Open ports by default

Hi,

Just two quick questions. What are the ports that are open by default on Manjaro ? Can software installed from AUR or pacman open ports without notifying the user ?

Thanks in advance!

First of all, GNU/Linux is not Microsoft Windows and does not have anything listening on all ports by default, other than what you yourself may have enabled. pamac will periodically check the mirror list via a systemd timer, but other than that, there won’t be much listening ─ especially not on the lower ports, which are the only ones that really matter ─ unless you explicitly enable things like sshd or for instance a web server.

Secondly, as soon as you open up a browser to any website, you are listening on a port. However, that will be an unprivileged port ─ i.e. a port number above 1023.

Thirdly, software from the AUR always comes with a PKGBUILD file, which is a plain text file, and which can thus be inspected for what it’s going to pull in. So when it comes to the AUR, you bear the responsibility over what you install.

The AUR is a community-run platform, and while there have on a few occasions in the past been willful or unwillful insertions of malware on the AUR, they were quickly spotted by the community and removed, with the uploader’s account banned. So for most part, the AUR can be trusted, but it’s always wise to check what you’re installing from there.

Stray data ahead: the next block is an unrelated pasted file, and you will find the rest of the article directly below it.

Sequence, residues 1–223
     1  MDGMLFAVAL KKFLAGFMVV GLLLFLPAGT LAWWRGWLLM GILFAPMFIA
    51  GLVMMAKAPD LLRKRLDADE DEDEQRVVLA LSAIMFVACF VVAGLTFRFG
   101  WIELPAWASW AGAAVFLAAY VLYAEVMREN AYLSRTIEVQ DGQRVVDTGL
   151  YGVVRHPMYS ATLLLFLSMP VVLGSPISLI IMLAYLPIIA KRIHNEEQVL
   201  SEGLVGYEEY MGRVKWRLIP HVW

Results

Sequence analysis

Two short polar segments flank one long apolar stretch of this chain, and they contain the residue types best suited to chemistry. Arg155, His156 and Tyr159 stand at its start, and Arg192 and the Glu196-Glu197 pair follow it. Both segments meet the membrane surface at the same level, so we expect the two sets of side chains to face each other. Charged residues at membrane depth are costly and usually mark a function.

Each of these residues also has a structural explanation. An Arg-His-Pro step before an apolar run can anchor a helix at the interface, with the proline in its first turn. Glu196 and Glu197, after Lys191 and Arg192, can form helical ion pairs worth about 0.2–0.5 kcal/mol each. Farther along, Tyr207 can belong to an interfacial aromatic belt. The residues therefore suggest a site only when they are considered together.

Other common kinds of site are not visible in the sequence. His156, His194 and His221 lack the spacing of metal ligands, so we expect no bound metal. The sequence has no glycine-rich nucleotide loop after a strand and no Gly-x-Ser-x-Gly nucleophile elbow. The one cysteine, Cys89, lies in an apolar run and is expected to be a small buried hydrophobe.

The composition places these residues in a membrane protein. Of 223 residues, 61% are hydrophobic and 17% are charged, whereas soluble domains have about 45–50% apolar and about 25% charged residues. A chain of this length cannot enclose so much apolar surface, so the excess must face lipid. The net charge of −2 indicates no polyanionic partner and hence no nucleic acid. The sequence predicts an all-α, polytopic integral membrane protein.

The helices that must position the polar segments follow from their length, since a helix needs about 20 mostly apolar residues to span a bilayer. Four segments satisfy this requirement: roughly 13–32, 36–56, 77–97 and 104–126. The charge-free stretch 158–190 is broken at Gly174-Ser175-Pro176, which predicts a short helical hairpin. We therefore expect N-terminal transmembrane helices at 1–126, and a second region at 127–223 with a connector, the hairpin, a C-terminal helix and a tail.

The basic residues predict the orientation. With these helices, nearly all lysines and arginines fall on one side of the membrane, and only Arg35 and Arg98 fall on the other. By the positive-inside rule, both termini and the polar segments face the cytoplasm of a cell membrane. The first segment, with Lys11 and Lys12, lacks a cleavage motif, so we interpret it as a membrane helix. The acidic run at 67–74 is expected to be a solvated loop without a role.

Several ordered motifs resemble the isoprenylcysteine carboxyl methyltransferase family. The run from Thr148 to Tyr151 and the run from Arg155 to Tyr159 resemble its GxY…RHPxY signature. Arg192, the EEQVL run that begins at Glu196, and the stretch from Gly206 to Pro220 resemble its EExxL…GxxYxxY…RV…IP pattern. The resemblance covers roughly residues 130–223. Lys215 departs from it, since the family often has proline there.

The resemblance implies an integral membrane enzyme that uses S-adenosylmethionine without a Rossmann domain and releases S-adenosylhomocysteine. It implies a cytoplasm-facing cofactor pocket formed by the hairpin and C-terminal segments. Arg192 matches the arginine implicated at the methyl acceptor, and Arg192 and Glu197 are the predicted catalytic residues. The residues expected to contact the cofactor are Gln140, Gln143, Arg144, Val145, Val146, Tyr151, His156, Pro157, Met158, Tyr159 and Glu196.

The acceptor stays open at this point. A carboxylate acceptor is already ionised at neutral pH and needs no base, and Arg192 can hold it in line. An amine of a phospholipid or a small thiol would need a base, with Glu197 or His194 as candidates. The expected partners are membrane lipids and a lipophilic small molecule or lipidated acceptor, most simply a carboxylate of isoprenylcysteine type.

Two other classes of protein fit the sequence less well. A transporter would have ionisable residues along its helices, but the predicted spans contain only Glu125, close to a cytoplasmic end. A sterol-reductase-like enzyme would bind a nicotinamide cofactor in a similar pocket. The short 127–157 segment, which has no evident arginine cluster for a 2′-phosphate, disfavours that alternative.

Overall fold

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That depends on the direction of the traffic but deducting from your question you must be referencing applications which can be abused from outside connections.

On a default Manjaro system

  1. All outgoing traffic is allowed - no restrictions.
  2. No application (e.g. http, smb, ftp, mail) providing external services is enabled.
  3. Some editions comes with a firewall installed but not enabled - others enable the firewall
  4. Some editions comes with Samba installed but not enabled.
  5. The system Python contains the module http.server.

Manjaro provides a safe and sound system with no dubious packages or questionable services and as such you can trust it won’t do anything out the ordinary.

The lecturing

In the end it is your habits and your usage which defines if a system is safe and secure. You will need to continually evaluate if your actions or security habits will pose any risk to your computer system.

Do not install applications when you do not know - to the fullest extent - what the application is doing.

AUR is unsupported.

Yes - that is possible!

I repeat: Do not build and install applications if you do not know - to the fullest extent - what the application is doing.

It is a common misconception that Manjaro endorse the usage of AUR - Manjaro do not support any and all packages built from AUR - period.

If you choose to build packages from AUR - the packages and what they do is your responsibility - and yours alone.

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There are easy ways to find out. One of them is: OpenSnitch

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